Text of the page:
Somewhere in the Middle Books
Kirkus said, "Armstrong approaches history as a storyteller, and each of these stories is a gem of cler and concise writing. Readers are encouratged to find patterns and themes in the tales, and the section called "Story Arcs" serves as a guide. "Black History and Civil Rights." for example, includes accounts of Thoreau, Sojourner Truth, Frederick Douglass, Thurgood Marshall and Rosa Parks. Intended more as a "patchwork quilt of history" than a comprehensive or traditional time line, the volume ranges far and wide, with witch trials and monkey trials, hoaxes and curses, whale attacks, balloon rescues, Lizzie Borden and Pac-Man. The abundant full-color art is lively and essential to the great visual appeal of the volume. The superb bibliography contains a big mix of histories for children and adults. Young history buffs will enjoy dipping into this fine collection, and parents and teachers will find it an invaluable resource."
Chin Yu Min and the Ginger Cat
School Library Journal said, "Grade 3-4 -- Chin Yu Min, a haughty and frivolous rich woman in a fictitious Old China, must mend her ways when her husband dies and her money runs out. She meets a ginger cat who fishes so well with his tail that she recoups some of her fortunes from selling his catches. When he disappears, Chin Yu Min is so distraught that she humbles herself enough to ask her neighbors for help; when the cat is found, she invites them to dinner. Despite a rather abrupt volte-face, this is an amusing story that is told with gusto in mellifluous prose."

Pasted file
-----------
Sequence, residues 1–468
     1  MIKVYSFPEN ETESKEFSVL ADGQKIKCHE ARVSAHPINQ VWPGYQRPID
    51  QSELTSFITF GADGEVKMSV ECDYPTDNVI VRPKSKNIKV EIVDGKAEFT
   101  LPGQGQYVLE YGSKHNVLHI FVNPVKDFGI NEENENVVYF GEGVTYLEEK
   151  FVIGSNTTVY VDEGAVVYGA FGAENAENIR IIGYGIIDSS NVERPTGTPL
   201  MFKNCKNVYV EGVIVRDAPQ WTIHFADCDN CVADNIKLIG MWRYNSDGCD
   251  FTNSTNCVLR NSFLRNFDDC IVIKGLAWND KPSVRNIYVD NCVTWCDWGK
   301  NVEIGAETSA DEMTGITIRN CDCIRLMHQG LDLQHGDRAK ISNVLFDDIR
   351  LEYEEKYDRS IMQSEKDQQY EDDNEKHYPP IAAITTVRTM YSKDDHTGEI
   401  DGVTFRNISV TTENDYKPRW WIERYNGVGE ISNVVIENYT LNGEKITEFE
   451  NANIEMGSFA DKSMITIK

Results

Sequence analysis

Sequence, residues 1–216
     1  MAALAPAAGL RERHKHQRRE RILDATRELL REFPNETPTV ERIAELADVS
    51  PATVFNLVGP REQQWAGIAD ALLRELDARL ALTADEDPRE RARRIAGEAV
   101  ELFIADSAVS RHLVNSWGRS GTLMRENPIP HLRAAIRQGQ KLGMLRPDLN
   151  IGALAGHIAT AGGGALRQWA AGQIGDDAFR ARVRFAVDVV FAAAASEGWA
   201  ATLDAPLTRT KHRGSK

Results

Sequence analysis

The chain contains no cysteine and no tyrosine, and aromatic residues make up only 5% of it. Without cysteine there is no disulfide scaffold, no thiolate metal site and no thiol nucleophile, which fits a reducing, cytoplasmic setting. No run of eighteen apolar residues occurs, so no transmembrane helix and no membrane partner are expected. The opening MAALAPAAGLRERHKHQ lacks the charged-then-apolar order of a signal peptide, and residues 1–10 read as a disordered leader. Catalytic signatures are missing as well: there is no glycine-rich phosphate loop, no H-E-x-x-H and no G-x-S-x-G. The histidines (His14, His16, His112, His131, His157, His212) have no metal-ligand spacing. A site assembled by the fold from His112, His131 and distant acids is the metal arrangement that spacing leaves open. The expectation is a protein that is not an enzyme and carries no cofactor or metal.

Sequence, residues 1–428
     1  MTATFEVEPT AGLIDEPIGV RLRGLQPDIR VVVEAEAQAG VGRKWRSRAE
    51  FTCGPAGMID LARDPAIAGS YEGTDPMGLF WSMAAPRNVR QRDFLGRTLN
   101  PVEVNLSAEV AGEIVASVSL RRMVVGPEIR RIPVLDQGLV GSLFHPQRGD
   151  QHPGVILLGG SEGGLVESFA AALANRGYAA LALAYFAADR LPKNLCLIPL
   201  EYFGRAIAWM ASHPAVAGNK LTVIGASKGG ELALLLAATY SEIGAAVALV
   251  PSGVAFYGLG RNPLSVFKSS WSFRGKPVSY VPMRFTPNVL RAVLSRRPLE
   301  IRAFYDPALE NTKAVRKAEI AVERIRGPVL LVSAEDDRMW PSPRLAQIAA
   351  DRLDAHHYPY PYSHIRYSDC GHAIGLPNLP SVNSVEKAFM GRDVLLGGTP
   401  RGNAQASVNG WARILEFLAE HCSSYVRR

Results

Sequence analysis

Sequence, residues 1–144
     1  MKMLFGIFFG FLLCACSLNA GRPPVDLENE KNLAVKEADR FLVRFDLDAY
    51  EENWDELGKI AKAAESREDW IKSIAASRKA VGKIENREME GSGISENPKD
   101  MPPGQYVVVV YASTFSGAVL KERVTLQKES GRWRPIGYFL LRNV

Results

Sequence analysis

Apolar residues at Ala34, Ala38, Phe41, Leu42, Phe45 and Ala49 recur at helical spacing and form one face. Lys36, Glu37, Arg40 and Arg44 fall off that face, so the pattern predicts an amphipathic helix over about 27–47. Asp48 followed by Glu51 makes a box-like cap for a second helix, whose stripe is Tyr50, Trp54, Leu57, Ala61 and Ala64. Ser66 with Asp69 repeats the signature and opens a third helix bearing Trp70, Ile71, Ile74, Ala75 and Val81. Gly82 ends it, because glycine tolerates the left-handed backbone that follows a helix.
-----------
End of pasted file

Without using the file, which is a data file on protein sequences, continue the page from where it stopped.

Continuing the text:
Audubon: Painter of Birds in the Wild Frontier
Kirkus Reviews said, "(Picture book/biography. 5-9) The son of a wealthy planter in the West Indies, naturalist and frontiersman John James Audubon devoted himself to difficult journeys through American forests, swamps, mountains, and plains in search of plants and animals unknown to science. Rather than telling the story of Audubon's whole life, Armstrong (co-author, The Kiln, p. 379, etc.) limits her perspective to Audubon's adventures from 1804 to 1812: the New Madrid earthquake, when "the world rattled and rumbled"; 160 flocks of passenger pigeons taking hours to storm overhead; an immense flock of trumpeter swans in battle with wolves; sharing the inside of a giant sycamore tree with 9,000 swirling swifts; and a chance encounter with Daniel Boone (though this may not have happened). Armstrong and Smith make a great team in this immensely likable biographical profile. The watercolor art, embellished with pencil, watercolor pencil, and pen and ink, is dramatic and a perfect complement to the vivid prose, as is the artwork by Audubon himself. Though the ending seems abrupt, long and interesting notes from both author and artist offer further information and guide readers to additional resources. The text, based on Audubon's personal diaries, is supplemented by research in the resources cited. Smith (Elwood and the Witch, 2000, etc.) offers interesting insights about the artwork, including a fascinating tidbit about Audubon's ability to paint two-handed, as portrayed early in the volume. An excellent example of what picture-book biography can be."